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Abbott and Costello meets Bugs Bunny, Lucille Ball (1943)

For your listening pleasure today, a classic recording of the Abbott and Costello radio show from November 18th, 1943. This one features guest stars Bugs Bunny (Mel Blanc) and Lucille Ball. In this episode, Lou goes to extremes trying to score a pair of nylon stockings… and if you listen carefully might also hear Elvia Allman, Iris Adrian or maybe Sidney Fields.

(Thanks, Mark Trost)

  • Jorge Garrido

    Older than the internet.

  • John

    Mel Blanc was always on the Jack Benny radio show as well. Later on he was Jacks Benny’s his TV show too.

  • An interesting broadcast.

    I found myself paying much more attention to (and laughing at) the Bugs Bunny segments than any other. I’m guessing that’s just because I am much more familiar with Bugs’ style of humour than Abbott and Costello’s.

    It kinda says something about the longevity of the Looney Tunes shorts though, that I can relate to them fairly easily, but not a radio show from the same era.

    • Paul N

      Probably says more about your familiarity with both Bugs and A&C than the longevity of the LTs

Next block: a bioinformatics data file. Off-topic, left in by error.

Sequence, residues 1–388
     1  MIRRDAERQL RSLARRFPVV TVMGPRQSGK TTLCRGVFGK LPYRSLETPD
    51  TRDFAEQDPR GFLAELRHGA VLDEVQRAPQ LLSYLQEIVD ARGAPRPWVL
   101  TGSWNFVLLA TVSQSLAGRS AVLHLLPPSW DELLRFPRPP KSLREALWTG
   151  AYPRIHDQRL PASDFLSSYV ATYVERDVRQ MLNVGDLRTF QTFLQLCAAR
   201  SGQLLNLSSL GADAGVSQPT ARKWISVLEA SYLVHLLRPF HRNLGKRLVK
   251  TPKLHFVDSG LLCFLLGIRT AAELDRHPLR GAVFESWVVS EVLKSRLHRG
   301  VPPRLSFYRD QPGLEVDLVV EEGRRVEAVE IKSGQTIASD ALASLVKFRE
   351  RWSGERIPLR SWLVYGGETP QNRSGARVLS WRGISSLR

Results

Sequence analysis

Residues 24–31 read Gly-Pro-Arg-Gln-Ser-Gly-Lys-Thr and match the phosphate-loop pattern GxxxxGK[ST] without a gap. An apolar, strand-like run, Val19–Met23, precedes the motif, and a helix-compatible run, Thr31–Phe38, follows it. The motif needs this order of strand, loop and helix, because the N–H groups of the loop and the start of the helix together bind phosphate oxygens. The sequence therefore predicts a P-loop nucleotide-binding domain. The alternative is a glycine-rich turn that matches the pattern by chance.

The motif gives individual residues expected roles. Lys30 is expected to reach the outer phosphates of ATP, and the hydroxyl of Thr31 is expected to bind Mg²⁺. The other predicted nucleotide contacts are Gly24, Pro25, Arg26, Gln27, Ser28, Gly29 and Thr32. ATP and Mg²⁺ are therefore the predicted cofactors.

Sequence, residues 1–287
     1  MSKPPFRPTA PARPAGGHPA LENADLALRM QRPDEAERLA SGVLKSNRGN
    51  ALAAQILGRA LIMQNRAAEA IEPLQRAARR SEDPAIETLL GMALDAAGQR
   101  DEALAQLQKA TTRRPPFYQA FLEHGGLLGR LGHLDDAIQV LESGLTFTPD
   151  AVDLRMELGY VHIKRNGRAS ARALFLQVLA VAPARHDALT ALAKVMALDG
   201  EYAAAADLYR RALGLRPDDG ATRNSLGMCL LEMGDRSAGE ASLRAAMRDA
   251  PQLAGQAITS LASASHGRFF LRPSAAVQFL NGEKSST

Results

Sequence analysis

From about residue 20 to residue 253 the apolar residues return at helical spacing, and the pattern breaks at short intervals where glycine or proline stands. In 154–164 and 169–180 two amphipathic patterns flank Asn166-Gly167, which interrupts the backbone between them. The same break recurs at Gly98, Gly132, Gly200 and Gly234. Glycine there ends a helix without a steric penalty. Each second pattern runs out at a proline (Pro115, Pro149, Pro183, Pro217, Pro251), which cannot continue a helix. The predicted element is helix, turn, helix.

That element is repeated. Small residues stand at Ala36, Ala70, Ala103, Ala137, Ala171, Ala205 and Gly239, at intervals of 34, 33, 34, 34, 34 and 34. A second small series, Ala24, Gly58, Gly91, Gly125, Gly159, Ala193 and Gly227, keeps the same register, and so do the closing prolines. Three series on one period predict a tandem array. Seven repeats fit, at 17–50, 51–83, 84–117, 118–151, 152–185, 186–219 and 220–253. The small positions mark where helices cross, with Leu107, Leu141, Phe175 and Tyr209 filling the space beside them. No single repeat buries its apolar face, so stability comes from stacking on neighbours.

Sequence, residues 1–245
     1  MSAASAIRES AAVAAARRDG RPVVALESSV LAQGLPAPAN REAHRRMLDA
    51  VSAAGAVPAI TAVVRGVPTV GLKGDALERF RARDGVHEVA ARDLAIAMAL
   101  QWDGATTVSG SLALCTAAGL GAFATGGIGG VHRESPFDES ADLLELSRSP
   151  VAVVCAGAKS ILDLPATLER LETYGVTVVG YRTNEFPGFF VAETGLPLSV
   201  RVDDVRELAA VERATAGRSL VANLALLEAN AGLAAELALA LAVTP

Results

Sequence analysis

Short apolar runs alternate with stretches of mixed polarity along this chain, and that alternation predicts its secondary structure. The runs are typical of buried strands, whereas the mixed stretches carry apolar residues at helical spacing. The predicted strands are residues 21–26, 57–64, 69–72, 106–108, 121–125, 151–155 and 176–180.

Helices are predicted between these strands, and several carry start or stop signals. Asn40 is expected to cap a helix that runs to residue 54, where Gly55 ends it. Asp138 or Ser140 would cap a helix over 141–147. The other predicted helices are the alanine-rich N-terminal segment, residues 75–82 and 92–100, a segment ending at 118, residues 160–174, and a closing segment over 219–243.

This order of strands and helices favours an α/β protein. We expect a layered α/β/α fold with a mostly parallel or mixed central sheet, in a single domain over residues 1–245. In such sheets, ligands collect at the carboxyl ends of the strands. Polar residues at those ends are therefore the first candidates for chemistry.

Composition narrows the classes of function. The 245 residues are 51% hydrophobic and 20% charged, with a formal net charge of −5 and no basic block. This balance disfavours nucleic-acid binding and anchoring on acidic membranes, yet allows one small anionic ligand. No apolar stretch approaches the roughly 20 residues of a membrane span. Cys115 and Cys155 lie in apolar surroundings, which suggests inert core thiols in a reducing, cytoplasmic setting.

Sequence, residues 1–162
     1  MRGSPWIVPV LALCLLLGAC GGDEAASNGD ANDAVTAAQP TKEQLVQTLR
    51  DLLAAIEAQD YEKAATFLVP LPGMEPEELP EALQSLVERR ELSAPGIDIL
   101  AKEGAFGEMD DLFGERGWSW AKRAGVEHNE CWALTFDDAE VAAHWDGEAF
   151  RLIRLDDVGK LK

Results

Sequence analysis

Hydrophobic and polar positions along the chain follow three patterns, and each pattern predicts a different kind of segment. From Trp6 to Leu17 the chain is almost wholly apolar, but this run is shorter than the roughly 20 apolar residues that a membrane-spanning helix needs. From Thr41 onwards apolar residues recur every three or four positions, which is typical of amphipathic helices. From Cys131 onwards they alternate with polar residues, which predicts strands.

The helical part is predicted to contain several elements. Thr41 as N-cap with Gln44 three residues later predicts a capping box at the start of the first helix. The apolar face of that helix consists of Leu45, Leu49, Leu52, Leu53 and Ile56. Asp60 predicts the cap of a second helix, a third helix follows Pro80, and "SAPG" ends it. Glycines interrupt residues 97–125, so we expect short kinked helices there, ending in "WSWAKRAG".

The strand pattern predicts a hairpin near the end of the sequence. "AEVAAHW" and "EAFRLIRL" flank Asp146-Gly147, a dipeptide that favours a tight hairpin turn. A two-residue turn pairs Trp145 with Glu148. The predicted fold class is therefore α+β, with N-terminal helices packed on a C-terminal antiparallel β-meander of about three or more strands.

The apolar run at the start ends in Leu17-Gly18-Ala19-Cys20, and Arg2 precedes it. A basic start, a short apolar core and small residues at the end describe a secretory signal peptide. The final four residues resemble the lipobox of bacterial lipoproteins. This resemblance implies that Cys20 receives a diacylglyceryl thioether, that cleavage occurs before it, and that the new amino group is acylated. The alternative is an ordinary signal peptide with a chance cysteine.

• David Breneman

        Actually, it says more about the fact that Abbott and Costello weren’t particularly funny, even in their day, as my grandfather could attest. “‘Who’s on first?!’ What’s so funny about that?!” He was right. They went through the motions of comedy, but style isn’t substance.

      • Scarabim

        Abbott and Costello were very funny in most of their movies – particularly “Buck Private”, “Hold That Ghost”, and “Abbott and Costello Meet Frankenstein”. Their comedy holds up considerably better in their cinematic efforts; in their radio patter, admittedly less so.

  • Paul N

    You don’t have to listen hard to hear Sidney Fields – he was a regular cast member in nearly all of Abbott & Costello’s projects.

  • i always found that the cartooned A&C (the WB ones from the 40s…not those godawful 60s ones) were far funnier than the real A&C. Thank you for the radio clip, tho. I had never heard Bugs “on the radio!”

  • mark

    the Mt. Olympus of ’40s-’50s comedy

  • I miss entertainment

    • Chris Sobieniak

      Me too. It sorta died by the end of the last century.

      • The subsector of comedy isn’t quite dead. But it’s been reduced to three main points:

        1) It’s funny to make your characters jerkasses—the jerkier, the better.
        2) It’s funny to make your characters idiots—the stupider, the better.
        3) It’s funny when one media property references another; extra points if it mocks it in the process.

        None of these points is entirely untrue. But as the main source of all wit, they reduce the genre to what it was in 1915.

      • Scarabim

        **1) It’s funny to make your characters jerkasses—the jerkier, the better.
        2) It’s funny to make your characters idiots—the stupider, the better.**

        Too true. It’s amazing how many cartoon producers adhere to the above formulas, even though they have led to the downfall of Fairly Oddparents, Fanboy and Chum Chum and Planet Sheen, just to name a few. Not that anyone’s shedding any tears…